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‘Because It’s There’ Is No Excuse — Everest Needs A Rest found on MSNBC written by timnet, edited by John (Plastic) [ read unedited ] posted Tue 27 May 3:43pm

Environment “Mount Everest finally succumbed to the ambition of man 50 years ago when Sir Edmund Hillary and Tenzing Norgay become the first humans to conquer the mountain and live to tell the tale. But as adventure-seekers in increasing numbers take the ultimate test of strength, endurance and will, a mounting movement has gained a foothold, asking to give Mount Everest a rest for the sake of the mountain’s unique ecosystem and to provide a safer environment for qualified climbers,” timnet writes. “Hillary himself is among those lifting their voices on cutting Everest a break. ‘I have suggested to the Nepal government that they should stop giving permission and give the mountain a rest for a few years,’ he said recently. The first woman to reach the peak, Junco Tabei expressed similar concerns: ‘Everest has become too crowded. It needs a rest now. … Only two or three teams should be allowed in a season to climb Everest.’

“The average annual assault on Everest amounts to much more than that. While around a dozen teams normally take on the mountain in any given year, more than twice that amount set their sights on the peak in 2003 in honor of the golden anniversary of Hillary and Norgay’s accomplishment. Many climbers are looking to set various records, such as oldest to climb the mountain, youngest to make the ascent, or fastest to reach the peak. Anyone who has read Jon Krakauer’s bestseller Into Thin Air, about the deadly and disastrous 1996 season on Everest, saw a vivid picture of how climbers with more ambition than skill were creating a hazardous situation. Others cite hazards to the mountain itself, including the tons of garbage left behind and the impact repeated climbs have had on a formerly pristine area.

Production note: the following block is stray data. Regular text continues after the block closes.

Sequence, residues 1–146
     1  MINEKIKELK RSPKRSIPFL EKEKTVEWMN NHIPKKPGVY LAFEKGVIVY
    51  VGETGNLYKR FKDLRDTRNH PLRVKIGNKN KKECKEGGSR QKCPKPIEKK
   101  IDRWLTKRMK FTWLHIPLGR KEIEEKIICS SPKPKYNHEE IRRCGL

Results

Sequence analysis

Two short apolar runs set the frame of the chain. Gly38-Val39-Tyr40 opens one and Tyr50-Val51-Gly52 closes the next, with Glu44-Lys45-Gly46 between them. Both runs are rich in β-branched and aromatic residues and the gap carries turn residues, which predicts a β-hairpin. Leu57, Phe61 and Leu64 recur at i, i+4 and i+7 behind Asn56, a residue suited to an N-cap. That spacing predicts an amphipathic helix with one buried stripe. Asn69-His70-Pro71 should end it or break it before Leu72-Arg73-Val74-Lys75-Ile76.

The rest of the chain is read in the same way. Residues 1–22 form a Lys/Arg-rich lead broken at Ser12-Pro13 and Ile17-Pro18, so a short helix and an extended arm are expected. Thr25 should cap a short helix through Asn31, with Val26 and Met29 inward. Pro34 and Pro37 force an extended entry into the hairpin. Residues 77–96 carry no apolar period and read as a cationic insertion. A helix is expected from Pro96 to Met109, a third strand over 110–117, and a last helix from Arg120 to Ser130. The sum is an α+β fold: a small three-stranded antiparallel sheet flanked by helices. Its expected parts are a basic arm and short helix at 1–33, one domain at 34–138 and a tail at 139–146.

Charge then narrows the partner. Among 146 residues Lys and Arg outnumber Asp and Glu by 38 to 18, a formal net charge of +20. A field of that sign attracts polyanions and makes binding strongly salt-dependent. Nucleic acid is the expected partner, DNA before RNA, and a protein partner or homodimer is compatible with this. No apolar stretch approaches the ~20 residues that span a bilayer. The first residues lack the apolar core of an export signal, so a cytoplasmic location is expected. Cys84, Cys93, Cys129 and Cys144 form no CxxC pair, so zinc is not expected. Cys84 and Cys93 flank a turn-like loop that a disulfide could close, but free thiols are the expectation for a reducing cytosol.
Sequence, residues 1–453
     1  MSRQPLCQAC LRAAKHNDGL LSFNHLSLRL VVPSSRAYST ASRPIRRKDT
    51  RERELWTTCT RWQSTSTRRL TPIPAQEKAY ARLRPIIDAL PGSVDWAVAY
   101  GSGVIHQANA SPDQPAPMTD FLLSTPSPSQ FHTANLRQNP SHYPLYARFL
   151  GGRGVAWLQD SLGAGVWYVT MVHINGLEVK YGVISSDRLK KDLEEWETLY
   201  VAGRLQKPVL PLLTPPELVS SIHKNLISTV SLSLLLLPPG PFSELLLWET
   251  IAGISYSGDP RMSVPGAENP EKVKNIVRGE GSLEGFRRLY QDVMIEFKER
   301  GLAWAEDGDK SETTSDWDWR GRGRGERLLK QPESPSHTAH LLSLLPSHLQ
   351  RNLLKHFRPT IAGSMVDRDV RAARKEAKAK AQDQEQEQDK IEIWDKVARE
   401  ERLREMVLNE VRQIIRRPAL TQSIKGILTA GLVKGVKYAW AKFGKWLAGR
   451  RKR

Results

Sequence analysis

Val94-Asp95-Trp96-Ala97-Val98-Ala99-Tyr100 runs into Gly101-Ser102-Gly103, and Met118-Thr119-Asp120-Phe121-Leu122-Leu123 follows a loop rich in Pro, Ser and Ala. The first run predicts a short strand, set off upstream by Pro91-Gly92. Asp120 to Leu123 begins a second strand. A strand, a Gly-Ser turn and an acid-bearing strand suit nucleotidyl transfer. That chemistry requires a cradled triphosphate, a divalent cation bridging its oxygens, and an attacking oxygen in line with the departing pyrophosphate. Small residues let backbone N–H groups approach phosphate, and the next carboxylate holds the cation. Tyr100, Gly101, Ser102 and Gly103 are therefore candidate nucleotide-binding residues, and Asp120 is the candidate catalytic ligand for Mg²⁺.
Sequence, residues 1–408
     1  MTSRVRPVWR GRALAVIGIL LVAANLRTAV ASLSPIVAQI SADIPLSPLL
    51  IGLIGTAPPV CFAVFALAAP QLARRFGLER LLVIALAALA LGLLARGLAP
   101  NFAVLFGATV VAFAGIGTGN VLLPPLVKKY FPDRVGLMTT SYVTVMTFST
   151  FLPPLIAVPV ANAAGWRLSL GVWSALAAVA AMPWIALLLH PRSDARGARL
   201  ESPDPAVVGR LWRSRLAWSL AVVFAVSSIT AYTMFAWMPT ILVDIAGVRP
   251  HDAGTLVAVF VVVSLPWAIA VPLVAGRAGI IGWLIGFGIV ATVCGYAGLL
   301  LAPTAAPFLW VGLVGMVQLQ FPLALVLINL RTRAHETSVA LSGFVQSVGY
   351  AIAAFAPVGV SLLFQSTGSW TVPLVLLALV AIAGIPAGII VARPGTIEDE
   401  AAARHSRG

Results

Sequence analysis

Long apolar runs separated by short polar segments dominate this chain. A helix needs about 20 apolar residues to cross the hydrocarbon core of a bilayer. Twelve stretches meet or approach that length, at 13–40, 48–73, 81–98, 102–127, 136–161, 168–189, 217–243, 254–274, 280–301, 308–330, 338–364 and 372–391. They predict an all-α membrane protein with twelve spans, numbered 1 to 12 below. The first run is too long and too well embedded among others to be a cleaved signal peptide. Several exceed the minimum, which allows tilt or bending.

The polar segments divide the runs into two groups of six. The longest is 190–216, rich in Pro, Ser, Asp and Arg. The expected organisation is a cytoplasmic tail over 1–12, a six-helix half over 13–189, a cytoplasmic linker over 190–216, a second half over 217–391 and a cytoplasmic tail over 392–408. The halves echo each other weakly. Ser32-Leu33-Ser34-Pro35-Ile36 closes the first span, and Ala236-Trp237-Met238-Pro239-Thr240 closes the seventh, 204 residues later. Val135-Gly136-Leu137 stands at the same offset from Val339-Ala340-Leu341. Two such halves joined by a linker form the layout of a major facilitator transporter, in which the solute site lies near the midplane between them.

“Not everyone agrees that stringent restrictions are the answer. Money is one motivating factor; every climbing party employs many Sherpas and pays high royalties that help sustain the sagging economy of Nepal. “There are thousands of people in the region who solely depend on the trekkers and mountaineers for their income,” Sherpa guide Ang Phurba explained. “If they don’t come, these people and their families will starve.” Others cite Everest’s stature as one of the world’s most intriguing attractions as one chief reason why access to Everest should not be limited. One mountaineer notes that many other ranges, such as the European alps, see much more traffic and are not showing visible signs of wear and tear.”